The one conclusion that I have reached after a year's mulling is simply the ancient cliche that the certainty of one's knowledge decreases in proportion to thought and experience. The moment you have time to intellectualize your perceptions, established certainties will begin to crumble, and the "other side" of any controversy will beckon appealingly. The inevitable result is that one's liberalism becomes stretched to the point of absurdity.
If I may be pardoned for a quasi-existential paradox, I suggest that the answer is in the questioning. By experimenting with the problem, by feeling it out, by living with it, we are answered. All our lives are spent in the attempt to resolve conflicts; and we know that resolutions are impossible except by hindsight. We can make temporary decisions...but it is only after death that it can be finally perceived whether we ever succeeded in resolving our conflicts. This is patent, since as long as we live we continue the attempt to resolve them. That attempt is the very action of living.
[They] give you what you yearn for secretly, what our bright todays and tomorrows lack. The romantics gave us back our moon, for instance, which science has taken away from us and made into just another airport. Secretly we all want the moon to be what it was before-a mysterious, hypnotic light in the sky. We want love to be mysterious too, as it used to be, and not a set of psychotherapeutic rules for interpersonal relationships. We crave mystery even while we forge ahead toward the solution of one cosmic mystery after the other.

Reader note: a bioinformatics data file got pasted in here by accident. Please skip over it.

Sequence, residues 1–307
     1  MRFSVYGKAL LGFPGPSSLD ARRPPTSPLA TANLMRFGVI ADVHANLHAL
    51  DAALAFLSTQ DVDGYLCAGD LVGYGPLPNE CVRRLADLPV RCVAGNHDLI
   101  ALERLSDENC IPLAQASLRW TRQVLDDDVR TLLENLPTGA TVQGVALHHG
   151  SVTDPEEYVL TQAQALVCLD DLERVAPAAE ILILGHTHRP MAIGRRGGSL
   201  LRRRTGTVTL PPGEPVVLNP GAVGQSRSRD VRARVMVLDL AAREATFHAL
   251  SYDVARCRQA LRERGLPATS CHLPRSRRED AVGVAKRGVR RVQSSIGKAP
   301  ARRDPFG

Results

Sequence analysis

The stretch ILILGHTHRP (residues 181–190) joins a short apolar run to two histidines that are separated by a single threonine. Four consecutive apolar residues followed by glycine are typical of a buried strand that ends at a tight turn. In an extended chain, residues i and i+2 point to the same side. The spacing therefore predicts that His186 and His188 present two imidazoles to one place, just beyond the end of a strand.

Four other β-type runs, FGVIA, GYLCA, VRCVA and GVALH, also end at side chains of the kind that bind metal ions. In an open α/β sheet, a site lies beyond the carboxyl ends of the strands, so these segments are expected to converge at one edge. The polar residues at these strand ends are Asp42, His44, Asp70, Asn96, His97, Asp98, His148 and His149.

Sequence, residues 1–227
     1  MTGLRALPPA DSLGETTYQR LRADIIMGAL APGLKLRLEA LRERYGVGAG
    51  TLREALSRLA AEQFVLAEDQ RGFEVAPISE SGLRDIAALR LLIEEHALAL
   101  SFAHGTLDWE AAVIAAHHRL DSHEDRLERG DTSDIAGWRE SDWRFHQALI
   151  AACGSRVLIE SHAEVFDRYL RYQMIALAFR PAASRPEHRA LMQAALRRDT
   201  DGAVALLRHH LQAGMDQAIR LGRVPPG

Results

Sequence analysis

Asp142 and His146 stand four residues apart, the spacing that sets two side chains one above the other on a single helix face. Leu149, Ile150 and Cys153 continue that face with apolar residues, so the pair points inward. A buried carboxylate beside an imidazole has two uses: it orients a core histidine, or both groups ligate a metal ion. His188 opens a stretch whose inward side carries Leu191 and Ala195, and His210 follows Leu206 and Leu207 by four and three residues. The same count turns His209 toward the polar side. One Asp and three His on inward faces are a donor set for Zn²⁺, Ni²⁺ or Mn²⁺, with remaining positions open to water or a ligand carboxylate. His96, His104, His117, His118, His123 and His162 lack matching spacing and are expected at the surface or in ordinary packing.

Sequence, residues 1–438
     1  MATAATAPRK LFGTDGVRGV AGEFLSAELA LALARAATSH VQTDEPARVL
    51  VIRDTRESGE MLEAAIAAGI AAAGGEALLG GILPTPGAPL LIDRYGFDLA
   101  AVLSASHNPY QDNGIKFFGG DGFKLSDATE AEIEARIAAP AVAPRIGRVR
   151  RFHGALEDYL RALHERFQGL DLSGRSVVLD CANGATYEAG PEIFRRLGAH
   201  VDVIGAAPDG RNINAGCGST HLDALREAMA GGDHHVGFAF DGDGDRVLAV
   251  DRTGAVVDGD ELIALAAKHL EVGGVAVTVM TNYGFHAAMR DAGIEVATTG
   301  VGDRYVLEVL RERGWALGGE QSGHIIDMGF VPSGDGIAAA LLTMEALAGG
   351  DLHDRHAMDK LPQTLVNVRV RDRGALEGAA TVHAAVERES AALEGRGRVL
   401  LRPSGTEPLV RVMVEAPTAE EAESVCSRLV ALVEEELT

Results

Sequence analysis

Which brings us back to the date: isn't this WHY we celebrate New Year's Day? The promise of a better tomorrow, of what might be, for better or for worse? The latter might sound strange; who wants a "worse" year? But that's not to suggest that we are hoping for the worst, but that the possibility of new adventures requires, since we are NOT omniscient, that sense of danger? If it didn't, we would simply be hoping for more of the same in the form of security and comfort. And yet, there is still the appeal of the different, the dangerous, the subversive, even...for Bernstein, the thrill of the "devil in music" remains:
As a conductor I am fascinated by, and wide open to, every new sound-image that comes along; but as composer I am committed to tonality. Here is a conflict, indeed, and my attempt to resolve it is, quite literally, my most profound musical experience. And if this sounds far too existential for an old romantic like me, well and good.
And with that, I find myself at the same "pass" as Bernstein at the end of his sabbatical. Like Bernstein, I have "two answers to everything and one answer to nothing." Once upon a time, I resolved to find the answer the questions to Rand's musical challenges. While I don't think it's impossible, I don't think that's my primary goal anymore, and it certainly isn't my goal to convince others that I do have the answers for THEM, because ultimately, what matters in any "Romantic" endeavor is the individual choice. And as long as there is a world of choice, there will remain, if not "infinite," an ever-growing world of music. So I'll give Lennie the last word:
There are two solutions...the choice between them lies in the question "Which one is true?," to which there is no single answer.